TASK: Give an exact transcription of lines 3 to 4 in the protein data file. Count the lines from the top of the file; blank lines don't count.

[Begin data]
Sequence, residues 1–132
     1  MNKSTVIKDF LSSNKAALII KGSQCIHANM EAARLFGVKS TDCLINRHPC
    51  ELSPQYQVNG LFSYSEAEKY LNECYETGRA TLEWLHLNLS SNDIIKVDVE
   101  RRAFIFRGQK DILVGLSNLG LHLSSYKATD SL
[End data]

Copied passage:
    51  ELSPQYQVNG LFSYSEAEKY LNECYETGRA TLEWLHLNLS SNDIIKVDVE
   101  RRAFIFRGQK DILVGLSNLG LHLSSYKATD SL